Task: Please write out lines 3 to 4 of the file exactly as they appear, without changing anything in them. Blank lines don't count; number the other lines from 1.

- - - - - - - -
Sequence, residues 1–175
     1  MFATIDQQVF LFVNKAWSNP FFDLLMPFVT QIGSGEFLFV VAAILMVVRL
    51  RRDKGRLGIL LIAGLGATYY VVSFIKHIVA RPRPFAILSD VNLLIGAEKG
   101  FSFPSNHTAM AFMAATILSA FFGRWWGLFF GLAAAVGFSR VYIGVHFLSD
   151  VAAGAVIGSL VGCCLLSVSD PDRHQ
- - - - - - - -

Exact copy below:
    51  RRDKGRLGIL LIAGLGATYY VVSFIKHIVA RPRPFAILSD VNLLIGAEKG
   101  FSFPSNHTAM AFMAATILSA FFGRWWGLFF GLAAAVGFSR VYIGVHFLSD